Last year, the state reported that the closure of salmon fishing cost the economy at least $250 million. Recent studies have estimated that nearly 2,000 salmon fishermen have been unable to work over the last three years, job loss figures comparable to the number of farm workers who could not work due to pumping restrictions during the drought. (emphasis added)

On its face, this statement is true.  Job losses among salmon fishers are comparable to job losses among farm workers who couldn’t find work because drought and environmental restrictions shut of the spigot to many Central Valley farms.  The comparison is this:  Salmon industry job losses are probably one percent or so of agricultural job losses.

In the town of Mendota alone, which I visited when its unemployment rate hit 38 percent at the peak of the weather-and-regulatory drought, if we assume half of the town’s population of 10,000 is made up of workers, then 1,900 people were unemployed in that town alone. There are towns like Mendota every few miles throughout the  Central Valley, so the editors of Environmental Protection are guilty of minimizing human suffering for political gain, a not uncommon but always unwise tactic.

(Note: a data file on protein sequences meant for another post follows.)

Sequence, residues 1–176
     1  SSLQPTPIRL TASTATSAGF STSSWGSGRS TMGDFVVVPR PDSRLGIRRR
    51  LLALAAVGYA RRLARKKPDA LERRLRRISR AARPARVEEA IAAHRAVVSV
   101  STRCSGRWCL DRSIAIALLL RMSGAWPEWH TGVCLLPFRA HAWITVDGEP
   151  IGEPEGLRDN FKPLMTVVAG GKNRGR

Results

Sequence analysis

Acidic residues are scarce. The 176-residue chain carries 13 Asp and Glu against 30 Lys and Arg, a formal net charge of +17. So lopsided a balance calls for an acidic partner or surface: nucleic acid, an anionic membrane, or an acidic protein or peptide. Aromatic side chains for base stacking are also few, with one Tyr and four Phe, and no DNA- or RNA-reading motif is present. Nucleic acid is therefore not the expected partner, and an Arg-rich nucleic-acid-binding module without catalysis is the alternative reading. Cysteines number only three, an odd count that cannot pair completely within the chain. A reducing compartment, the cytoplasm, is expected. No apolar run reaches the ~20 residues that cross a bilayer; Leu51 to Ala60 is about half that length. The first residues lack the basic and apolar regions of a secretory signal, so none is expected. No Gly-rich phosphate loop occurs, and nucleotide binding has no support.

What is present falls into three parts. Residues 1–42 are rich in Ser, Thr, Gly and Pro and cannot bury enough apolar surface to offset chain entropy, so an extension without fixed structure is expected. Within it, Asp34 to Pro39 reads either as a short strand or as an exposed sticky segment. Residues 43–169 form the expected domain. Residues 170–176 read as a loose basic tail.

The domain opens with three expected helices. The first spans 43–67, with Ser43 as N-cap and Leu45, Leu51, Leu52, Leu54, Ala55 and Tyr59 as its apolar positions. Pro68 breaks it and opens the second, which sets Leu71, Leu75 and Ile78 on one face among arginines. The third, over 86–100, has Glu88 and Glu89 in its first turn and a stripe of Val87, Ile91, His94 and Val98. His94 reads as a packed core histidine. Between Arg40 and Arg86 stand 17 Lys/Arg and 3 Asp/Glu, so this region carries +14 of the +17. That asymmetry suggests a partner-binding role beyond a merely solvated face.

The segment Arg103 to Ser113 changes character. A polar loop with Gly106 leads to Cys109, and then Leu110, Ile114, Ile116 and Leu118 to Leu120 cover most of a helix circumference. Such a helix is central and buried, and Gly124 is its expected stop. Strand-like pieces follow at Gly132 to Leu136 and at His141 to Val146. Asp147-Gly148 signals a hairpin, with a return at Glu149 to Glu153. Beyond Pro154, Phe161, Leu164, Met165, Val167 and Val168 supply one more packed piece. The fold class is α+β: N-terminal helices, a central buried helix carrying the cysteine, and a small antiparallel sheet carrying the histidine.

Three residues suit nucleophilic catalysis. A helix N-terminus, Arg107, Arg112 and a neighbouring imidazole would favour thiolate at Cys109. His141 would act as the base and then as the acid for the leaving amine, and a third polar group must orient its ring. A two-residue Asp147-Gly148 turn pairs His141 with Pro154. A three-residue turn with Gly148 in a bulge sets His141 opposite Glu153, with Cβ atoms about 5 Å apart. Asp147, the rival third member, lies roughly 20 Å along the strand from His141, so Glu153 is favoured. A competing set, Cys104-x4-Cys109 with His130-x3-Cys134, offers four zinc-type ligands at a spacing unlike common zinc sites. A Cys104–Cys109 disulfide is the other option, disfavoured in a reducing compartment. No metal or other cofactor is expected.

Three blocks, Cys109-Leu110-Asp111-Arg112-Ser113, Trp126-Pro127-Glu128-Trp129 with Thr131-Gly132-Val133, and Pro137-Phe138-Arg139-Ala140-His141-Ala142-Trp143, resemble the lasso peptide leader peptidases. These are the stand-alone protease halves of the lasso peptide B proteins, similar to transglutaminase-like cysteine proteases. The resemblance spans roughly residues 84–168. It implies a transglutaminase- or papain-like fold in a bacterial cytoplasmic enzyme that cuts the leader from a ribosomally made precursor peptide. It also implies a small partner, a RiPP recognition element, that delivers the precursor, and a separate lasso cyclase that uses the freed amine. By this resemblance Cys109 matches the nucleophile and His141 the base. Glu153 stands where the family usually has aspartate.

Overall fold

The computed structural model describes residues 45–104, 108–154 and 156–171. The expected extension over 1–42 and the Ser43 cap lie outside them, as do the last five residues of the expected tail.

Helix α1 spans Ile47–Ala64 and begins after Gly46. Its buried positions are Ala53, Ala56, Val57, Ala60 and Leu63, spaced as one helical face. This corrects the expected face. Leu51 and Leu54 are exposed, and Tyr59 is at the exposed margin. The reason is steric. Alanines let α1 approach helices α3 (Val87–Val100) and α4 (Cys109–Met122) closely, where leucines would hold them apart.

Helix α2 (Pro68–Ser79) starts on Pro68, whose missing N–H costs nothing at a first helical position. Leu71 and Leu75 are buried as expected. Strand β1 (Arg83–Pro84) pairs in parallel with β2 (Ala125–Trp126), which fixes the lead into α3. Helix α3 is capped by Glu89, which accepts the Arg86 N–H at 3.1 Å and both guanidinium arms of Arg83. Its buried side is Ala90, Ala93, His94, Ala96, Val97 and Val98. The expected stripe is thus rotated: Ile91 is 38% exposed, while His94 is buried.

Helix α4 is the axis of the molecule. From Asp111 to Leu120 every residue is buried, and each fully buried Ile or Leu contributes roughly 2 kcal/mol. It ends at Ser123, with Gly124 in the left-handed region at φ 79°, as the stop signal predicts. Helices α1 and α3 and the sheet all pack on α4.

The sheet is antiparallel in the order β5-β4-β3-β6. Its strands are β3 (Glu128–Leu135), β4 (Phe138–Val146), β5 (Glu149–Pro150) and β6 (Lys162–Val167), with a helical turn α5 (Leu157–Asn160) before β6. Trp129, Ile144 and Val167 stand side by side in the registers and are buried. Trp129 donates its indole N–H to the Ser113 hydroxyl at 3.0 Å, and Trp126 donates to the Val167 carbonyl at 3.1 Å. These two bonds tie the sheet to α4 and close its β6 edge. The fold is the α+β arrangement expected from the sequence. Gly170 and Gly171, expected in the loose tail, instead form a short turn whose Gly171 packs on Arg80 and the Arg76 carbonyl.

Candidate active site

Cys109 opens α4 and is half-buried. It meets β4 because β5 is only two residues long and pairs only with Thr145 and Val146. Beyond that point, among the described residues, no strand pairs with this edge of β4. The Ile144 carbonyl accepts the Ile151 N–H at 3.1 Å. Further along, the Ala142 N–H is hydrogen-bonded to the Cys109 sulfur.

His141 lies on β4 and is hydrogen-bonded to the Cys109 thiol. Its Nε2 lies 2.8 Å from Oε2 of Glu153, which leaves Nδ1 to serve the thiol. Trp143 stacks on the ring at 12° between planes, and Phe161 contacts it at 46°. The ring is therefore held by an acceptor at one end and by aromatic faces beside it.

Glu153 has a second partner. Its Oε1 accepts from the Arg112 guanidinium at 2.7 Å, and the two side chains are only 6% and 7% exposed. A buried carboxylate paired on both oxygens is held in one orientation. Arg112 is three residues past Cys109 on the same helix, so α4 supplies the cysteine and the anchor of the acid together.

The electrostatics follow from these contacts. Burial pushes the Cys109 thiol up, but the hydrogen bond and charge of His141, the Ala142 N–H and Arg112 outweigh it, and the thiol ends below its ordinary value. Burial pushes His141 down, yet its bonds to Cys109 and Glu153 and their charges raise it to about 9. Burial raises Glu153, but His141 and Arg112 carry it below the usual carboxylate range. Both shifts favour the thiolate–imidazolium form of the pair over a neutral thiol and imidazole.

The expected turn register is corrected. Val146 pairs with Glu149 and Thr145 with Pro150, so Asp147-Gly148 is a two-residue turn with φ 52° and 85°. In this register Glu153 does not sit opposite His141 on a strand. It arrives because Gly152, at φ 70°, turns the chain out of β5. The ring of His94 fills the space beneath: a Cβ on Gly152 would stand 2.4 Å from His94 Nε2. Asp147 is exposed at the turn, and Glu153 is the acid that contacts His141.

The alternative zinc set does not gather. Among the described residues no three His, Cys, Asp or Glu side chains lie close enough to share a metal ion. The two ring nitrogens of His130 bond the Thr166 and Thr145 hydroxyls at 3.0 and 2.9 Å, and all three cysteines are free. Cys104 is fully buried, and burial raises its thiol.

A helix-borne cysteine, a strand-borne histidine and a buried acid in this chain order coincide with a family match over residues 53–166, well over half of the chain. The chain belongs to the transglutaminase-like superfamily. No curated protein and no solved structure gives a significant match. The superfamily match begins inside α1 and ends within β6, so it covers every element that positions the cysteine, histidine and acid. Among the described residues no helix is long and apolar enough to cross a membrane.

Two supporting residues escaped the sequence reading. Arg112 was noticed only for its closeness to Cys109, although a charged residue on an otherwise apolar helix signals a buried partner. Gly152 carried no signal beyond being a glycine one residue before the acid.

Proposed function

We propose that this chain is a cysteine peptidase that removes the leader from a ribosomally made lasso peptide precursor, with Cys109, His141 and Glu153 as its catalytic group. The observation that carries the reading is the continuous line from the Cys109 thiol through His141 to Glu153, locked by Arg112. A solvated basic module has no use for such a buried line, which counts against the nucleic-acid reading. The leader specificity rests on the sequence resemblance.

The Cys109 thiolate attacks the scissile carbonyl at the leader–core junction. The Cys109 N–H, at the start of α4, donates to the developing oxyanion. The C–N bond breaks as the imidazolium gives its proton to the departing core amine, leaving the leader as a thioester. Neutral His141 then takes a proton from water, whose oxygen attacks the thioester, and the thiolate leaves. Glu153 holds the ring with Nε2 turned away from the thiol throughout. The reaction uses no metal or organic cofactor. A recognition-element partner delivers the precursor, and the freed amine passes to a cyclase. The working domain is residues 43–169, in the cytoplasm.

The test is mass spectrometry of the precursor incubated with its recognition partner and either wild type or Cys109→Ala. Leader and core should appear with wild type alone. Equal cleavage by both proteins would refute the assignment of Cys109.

Besides, there is no consensus whatsoever that the decline in California salmon populations can be tied to pumping water south from the Delta.  In fact, the consensus seems to be shifting to blaming any number of other causes, including ammonia from sewage treatment plants, predation by non-native striped bass, oceanic conditions’ impact on salmon food supply, overpopulation of protected predatory sea mammals, and others.

Everything I’ve learned in a career in public affairs and strategic communications tells me the complex debate over California water supply and the challenging (and likely impossible) effort to find a course of action that pleases all constituents is not furthered by this sort of destructive and divisive language.